Department of Anthropology
Faculty of Arts & Science
Professor Tania Li obtained her BA in 1981 and her PhD in Social Anthropology in 1987 from Cambridge University. She began her academic career at Dalhousie University with the prestigious SSHRC postdoctoral Canada Research Fellowship from 1989 to 1992, followed by a tenured faculty appointment. In 2004, she moved to the Anthropology Department at the University of Toronto as a Tier One Canada Research Chair in the Political Economy and Culture of Asia.
Professor Li’s doctoral research, conducted in Singapore, focuses on urban cultural politics, and the experience of the minority Malay/Muslim community in a largely Chinese state. Her first book, Malays in Singapore: Culture, Economy, and Ideology won a National Book Council Award and has an enduring place in university curricula in Singapore and Malaysia. Since 1990, her research has supported new ways of exploring how Indonesia’s indigenous highland communities made their living and had an impact on negotiated relations with the government and market traders. Professor Li has visited this highland area for over 20 years, tracking the emergence of private property in land and the far-reaching social and cultural transformations that have followed. Her work culminated in another publication, Land’s End: Capitalist Relations on an Indigenous Frontier, which won both the American Ethnological Society’s Senior Book Award and the Association for Asian Studies’ George McTurnan Kahin Prize for distinguished scholarly work on Southeast Asia. Alongside this ethnographic project, Professor Li has convened a stellar team of scholars to engage in a comparative analysis of the Indonesian uplands.
Professor Li’s most significant book, The Will to Improve: Governmentality, Development, and the Practice of Politics has become a foundational work in the field of development studies. Translated into Indonesian, French, and Chinese, it is taught in universities worldwide. Professor Li has also published articles in top journals spanning anthropology, geography, and Asian studies. Eight of her articles have become field-defining papers, and her work has been included in edited volumes that have been translated into Indonesian, French, Italian, Spanish, and Chinese.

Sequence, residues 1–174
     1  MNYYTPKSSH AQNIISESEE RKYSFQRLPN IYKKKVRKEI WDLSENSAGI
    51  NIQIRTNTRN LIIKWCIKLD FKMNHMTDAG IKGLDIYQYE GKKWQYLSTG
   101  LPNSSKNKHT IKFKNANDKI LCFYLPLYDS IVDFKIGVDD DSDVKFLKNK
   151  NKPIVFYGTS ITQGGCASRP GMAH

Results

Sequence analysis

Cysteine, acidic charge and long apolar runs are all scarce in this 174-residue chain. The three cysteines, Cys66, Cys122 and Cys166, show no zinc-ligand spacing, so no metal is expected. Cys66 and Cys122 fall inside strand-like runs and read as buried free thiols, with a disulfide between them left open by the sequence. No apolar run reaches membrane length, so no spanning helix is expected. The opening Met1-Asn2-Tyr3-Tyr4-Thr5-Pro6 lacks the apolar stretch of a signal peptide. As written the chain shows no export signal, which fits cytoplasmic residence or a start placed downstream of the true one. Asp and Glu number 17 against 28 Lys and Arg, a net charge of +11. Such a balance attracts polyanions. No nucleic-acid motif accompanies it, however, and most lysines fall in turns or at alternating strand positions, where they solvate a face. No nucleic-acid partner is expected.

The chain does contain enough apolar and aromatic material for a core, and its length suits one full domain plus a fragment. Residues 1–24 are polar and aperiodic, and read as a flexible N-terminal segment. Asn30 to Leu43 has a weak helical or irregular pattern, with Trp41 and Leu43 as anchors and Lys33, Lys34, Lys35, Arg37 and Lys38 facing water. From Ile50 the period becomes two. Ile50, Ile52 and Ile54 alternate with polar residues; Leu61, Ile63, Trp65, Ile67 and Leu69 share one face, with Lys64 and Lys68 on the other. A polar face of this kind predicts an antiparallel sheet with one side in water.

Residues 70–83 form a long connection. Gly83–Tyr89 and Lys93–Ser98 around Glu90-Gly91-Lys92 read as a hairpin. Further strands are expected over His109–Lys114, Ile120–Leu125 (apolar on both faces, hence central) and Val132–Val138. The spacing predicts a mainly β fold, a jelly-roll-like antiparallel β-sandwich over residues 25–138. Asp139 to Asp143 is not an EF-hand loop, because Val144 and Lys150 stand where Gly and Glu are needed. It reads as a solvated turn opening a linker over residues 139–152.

The growing prominence of Professor Li’s work was recognized in her appointment as Tier One Canada Research Chair and her election as a Fellow of the Royal Society of Canada. She frequently gives keynote lectures at major international conferences and has given prominent named lectures such as the Clifford Geertz Memorial lecture at Princeton, the Monroe lecture at the University of Edinburgh, the Wertheim lecture at Amsterdam, the Development and Change lecture at Oxford, and the Geoforum Lecture in Boston. She has also held visiting appointments and fellowships in the UK, France, the Netherlands, Peru, Australia, Singapore, Indonesia, China, and the USA.
Beyond academia, Professor Li is often invited to speak to development practitioners, state officials, and activists in land and indigenous rights, environmental, and social justice organizations in Indonesia and beyond. In 2016, she gave an invited presentation at the European Parliament on the social impacts of oil palm plantations, and she has consulted with Amnesty International, the World Rainforest Alliance, and other human rights and labour organizations seeking research-based input for their advocacy campaigns. Professor Li gave a public lecture at Indonesia’s land-administration university; and she has prepared and delivered a three-day training workshop for land rights activists in collaboration with the Free Land Foundation, a local research and advocacy organization.